What Happens During Surgery?
If your dentist or healthcare professional recommends that your wisdom teeth be removed, you will most likely be referred to an oral and maxillofacial surgeon for the procedure. Before surgery, your oral surgeon will discuss the procedure with you and tell you what to expect. This is a good time to ask questions. Also talk to your surgeon about any concerns you have. Be sure to let your doctor know about any illness you have and medications you are taking.

There are several conditions that affect how easy it will be to remove a wisdom tooth. These conditions include how the tooth is positioned and the stage of root development. If the wisdom teeth are impacted the surgery might be more complicated.

Most of the time third molars can be removed with little or no pain. Usually they can be extracted at the oral and maxillofacial surgery office. Patients are given either local anesthesia, intravenous sedation or general anesthesia. Your surgeon will recommend the anesthetic option that is right for you.

What Happens after Surgery?
Following surgery, you may experience some swelling and mild discomfort, which are part of the normal healing process. Cold compresses may help decrease the swelling, and medication prescribed by your Oral and Maxillofacial Surgeon can help manage the discomfort. You may be instructed to modify your diet following surgery and later progress to more normal foods.

What if I decide to keep my wisdom teeth?
If after discussing your situation with your family dentist or oral and maxillofacial surgeon, you decide to keep your wisdom teeth, be sure to take particular care in cleaning and flossing your teeth, especially the molars. Your third molars must be professionally examined regularly and x-rays of your wisdom teeth should be taken every year to make sure that the health of your teeth and gum tissue does not change.

[1] Ash M. Costich ER, Hayward JR: A study of periodontal hazards of third molars. Journal of Periodontology 1962;33:209

[2] Elter JR, Coumo CJ, Offenbacher S, et.al. Third molars associated with periodontal pathology in NHANES III. Journal of Oral and Maxillofacial Surgery, 2004; 62:440

[3] Elter JR, Offenbacher S, White RP, et.al. Third molars associated with periodontal pathology in older Americans. Journal of Oral and Maxillofacial Surgery, 2005; 63:179

[4] Stewart PS, Costerton JW: Antibiotic resistance of bacteria in biofilms. Lancet 2001;358:135

[5] Stewart PS, Costerton JW: Antibiotic resistance of bacteria in biofilms. Lancet 2001;358:135

[6] Sedghizadeh pp, Kumar SKS, Gorur A, et.al. : Identification of microbial biofilms in osteonecrosis of the jaws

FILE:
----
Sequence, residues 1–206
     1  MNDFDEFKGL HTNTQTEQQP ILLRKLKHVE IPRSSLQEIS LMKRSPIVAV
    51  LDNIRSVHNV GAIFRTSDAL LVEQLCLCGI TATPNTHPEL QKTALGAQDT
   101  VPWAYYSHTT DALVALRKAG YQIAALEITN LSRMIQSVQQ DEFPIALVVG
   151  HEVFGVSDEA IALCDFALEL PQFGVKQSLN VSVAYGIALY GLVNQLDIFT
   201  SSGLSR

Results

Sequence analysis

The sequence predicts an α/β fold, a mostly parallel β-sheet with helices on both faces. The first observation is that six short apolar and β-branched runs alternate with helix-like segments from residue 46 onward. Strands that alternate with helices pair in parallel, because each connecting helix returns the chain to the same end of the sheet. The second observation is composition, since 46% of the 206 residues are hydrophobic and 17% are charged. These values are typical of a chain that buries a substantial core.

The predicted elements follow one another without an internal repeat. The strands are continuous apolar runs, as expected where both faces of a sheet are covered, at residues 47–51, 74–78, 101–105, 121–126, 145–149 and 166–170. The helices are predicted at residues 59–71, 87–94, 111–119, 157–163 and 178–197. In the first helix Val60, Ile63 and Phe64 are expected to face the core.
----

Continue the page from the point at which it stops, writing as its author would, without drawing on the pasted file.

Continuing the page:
The American Association of Oral and Maxillofacial Surgeons (AAOMS), the professional organization representing more than 9,000 oral and maxillofacial surgeons in the United States, supports its members' ability to practice their specialty through education, research and advocacy. AAOMS members comply with rigorous continuing education requirements and submit to periodic office examinations, ensuring the public that all office procedures and personnel meet stringent national standards.

© 2005-2012 American Association of Oral and Maxillofacial Surgeons (AAOMS). All rights reserved. — at American Association of Oral and Maxillofacial Surgeons (AAOMS).See More

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Write a comment...Press Enter to post your comment.....Potomac Surgical Arts, P.C.
15 minutes ago.Summer is just around the corner...schedule your wisdom teeth removal while school's out! Did you know... Wisdom teeth are easier to remove, in younger patients? since the roots are not completely formed and the bone is softer, there is less chance of damaging nearby nerves and other structures.

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20 minutes ago.American Association of Oral and Maxillofacial Surgeons (AAOMS)
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An estimated 36,000 new cases of oral and related cancers are diagnosed annually.
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[04/18/12]   Wisdom Teeth

Wisdom teeth, or third molars, are the last teeth to develop and appear in your mouth. They come in between the ages of 17 and 25, a time of life that has been called the "Age of Wisdom."

What is an Impacted Tooth?
When a tooth is unable to fully enter the mouth, it is said to be "impacted." In general, impacted teeth are unable to break through the gums because there is not enough room. Nine out of ten people have at least one impacted wisdom tooth.